Sonntag, 14. November 2010

Beauty in Simplicity: Why doing Biology has become a possibly uninteresting Job.

 I like to solve problems.

Most of the times it doesn't even matter to me, where the problems come from, as long as the circumstance surrounding them interest me. I adore those problems in particular where the solutions are obtained by analyzing the evidence and deciphering a general rule/principle/law.

By this statement I mean that if I put in a variable in the law, I get a function as the result, the law describing the cause/mechanism of the action of the variable.

I call this the "Physics" way of doing things. Even if the system is enormously complex ( i.e. it is characterized by a large variety of responses compared to the number of its constituents), as long as theentire repertoire of the responses can be described by a few laws, I can like the system. In short, the responses of the system should not scale linearly or slower with the number of components. They should scale faster. Otherwise the system can not be described usefully by a model. This is so, because modeling is meaningful as long as models are less complex than the system itself.

I have pursued through my life a variety of problems in biological systems:

I have been once an enthusiast of the Protein Folding problem. Then the Neural Network/ Neuropsychology issue, and presently the Membrane Organization problem in cells.

As usual I have been disappointed.

Protein folding, the central-most question in Biology, describing the relation between structure and function, is simply answered by saying that each protein folds just like itself (almost). This means that protein folding can not be generalized.

Neuoropsychology operates due to billions of Neurons forming a network. Each of which affects everything else directly or indirectly (almost). This means that brain function cannot be generalized.

Similarly I learned that lipid and protein sorting on bio-membranes strictly requires presence of thousands of lipids and thousands of endosomal proteins. The mechanism cannot be generalized.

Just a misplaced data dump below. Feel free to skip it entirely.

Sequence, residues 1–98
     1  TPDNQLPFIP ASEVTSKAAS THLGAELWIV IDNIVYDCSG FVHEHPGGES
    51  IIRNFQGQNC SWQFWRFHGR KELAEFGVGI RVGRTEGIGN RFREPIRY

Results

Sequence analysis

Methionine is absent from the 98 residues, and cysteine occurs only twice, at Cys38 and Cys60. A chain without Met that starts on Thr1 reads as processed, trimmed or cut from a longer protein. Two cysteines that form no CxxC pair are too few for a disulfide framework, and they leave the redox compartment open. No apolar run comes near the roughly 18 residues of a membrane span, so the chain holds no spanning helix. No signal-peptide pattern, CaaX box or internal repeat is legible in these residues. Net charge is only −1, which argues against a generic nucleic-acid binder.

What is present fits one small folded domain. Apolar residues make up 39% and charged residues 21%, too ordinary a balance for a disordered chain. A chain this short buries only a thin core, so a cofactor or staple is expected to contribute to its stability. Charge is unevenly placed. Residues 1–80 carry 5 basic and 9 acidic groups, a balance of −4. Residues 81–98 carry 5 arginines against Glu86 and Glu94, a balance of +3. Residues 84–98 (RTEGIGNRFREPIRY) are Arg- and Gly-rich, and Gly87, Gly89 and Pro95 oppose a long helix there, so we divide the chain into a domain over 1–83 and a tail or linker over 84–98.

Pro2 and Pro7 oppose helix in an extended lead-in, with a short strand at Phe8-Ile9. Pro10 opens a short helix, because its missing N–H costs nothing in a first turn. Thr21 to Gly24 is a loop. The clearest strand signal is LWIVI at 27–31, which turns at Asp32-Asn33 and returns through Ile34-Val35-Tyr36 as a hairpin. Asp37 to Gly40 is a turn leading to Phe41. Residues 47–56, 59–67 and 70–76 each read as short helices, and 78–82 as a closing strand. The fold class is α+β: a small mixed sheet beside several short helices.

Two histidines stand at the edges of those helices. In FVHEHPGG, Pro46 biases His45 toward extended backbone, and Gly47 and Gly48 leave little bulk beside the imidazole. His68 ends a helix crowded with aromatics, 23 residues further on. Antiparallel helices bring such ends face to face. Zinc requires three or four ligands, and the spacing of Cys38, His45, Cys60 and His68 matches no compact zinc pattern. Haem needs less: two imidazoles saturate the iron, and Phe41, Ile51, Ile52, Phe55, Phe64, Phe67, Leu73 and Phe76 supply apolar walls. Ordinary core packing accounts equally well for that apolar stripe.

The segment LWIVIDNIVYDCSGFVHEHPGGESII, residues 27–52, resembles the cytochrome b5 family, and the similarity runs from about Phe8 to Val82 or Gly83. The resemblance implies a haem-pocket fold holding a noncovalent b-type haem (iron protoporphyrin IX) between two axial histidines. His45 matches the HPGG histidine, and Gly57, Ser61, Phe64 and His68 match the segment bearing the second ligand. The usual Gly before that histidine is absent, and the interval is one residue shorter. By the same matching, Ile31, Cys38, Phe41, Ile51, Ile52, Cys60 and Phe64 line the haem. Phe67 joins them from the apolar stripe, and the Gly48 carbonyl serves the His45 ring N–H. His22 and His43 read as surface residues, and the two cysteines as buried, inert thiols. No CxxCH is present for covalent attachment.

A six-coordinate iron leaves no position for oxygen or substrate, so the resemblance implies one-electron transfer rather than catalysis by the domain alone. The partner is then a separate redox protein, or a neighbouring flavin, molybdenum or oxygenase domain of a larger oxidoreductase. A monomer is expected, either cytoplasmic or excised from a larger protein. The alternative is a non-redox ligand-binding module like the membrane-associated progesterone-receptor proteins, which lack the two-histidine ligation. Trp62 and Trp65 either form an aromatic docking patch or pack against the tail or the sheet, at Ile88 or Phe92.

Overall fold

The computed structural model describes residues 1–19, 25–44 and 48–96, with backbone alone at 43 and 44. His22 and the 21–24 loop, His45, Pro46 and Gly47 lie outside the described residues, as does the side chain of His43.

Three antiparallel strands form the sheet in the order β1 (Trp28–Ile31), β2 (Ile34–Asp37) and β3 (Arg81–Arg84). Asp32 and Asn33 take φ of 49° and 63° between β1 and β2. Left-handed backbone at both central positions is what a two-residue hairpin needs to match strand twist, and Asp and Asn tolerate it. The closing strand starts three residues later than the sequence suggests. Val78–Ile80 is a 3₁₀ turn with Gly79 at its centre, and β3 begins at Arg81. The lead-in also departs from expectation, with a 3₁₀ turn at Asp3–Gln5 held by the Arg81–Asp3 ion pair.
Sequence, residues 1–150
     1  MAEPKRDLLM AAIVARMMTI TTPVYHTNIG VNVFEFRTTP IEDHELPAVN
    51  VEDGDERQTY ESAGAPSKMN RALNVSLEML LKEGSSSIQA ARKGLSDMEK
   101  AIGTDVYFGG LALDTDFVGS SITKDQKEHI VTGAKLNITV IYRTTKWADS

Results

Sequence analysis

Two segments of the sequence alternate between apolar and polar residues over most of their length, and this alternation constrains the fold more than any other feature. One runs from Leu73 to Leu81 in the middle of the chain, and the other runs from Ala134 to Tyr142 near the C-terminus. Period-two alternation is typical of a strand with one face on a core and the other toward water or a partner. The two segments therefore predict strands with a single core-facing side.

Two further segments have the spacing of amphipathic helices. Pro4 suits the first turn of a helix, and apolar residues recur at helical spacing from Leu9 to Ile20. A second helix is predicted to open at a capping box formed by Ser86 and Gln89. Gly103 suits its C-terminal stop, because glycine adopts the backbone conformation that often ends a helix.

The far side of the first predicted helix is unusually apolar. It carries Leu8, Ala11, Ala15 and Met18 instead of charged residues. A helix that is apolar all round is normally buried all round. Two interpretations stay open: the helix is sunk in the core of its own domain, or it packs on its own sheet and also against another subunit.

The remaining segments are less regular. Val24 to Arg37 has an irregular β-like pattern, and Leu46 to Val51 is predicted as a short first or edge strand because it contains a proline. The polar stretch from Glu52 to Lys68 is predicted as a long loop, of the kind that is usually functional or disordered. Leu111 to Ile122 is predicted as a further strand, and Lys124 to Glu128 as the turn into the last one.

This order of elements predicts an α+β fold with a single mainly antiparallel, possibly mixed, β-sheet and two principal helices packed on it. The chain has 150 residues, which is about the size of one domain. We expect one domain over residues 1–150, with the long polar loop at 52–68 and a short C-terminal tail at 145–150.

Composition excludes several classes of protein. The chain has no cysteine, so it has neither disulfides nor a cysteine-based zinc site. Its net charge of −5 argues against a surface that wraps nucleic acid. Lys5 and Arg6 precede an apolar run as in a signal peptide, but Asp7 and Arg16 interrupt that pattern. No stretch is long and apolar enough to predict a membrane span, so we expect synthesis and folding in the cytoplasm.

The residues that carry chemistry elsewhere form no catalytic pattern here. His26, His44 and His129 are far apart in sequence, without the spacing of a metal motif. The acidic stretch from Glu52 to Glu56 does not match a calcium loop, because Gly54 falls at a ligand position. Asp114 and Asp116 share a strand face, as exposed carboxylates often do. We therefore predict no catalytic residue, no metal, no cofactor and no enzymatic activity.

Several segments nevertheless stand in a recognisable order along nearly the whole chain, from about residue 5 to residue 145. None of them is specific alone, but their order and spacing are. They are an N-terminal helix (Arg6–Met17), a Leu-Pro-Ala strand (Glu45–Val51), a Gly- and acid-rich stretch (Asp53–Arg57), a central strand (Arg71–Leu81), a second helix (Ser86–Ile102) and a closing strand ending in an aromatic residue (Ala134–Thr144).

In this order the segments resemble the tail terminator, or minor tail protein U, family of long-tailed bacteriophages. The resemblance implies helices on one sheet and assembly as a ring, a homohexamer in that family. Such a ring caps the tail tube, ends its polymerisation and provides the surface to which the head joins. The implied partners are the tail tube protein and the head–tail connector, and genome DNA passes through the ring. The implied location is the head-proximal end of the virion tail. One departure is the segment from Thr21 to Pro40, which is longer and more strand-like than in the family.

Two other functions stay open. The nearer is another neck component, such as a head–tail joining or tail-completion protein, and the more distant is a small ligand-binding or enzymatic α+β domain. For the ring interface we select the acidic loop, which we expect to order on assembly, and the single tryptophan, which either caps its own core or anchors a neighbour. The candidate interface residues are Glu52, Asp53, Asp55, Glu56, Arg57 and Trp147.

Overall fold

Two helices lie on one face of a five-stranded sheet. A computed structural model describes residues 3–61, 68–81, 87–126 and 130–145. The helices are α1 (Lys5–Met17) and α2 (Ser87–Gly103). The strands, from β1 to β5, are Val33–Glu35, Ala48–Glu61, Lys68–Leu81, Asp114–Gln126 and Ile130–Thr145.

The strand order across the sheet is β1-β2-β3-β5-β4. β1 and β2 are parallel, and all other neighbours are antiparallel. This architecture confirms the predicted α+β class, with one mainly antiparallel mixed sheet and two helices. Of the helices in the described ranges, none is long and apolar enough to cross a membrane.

This is bad.

I have found that problems in Biology cannot be solved by the "Physics" way. The number of responses of Biological systems scale Linearly or EVEN SLOWER (sometimes) with the number of components involved, indeed oftentimes the number of responses are LESS than the number of components. Those who can use their brains, will realize that this is a great tragedy. If I give you a thousand different machines and you end up mixing them to give me back a toaster, you have just killed the beauty of possibilities of what could have been.

Since I am looking for something that can be generalized, I need to start thinking now.

Synthetic Biology sounds like a great option to me suddenly. Why? Because in this area, you have the control over the number of components and hardly sufficient knowledge of the laws governing the dynamics in the system, which means that there is a lot of scope for research.

And so, I am going to say goodbye to Biology the first chance I get.

Nice knowing you. But I got to go.

(* This is an Old Post. I am already working in a Synthetic Biology lab.)

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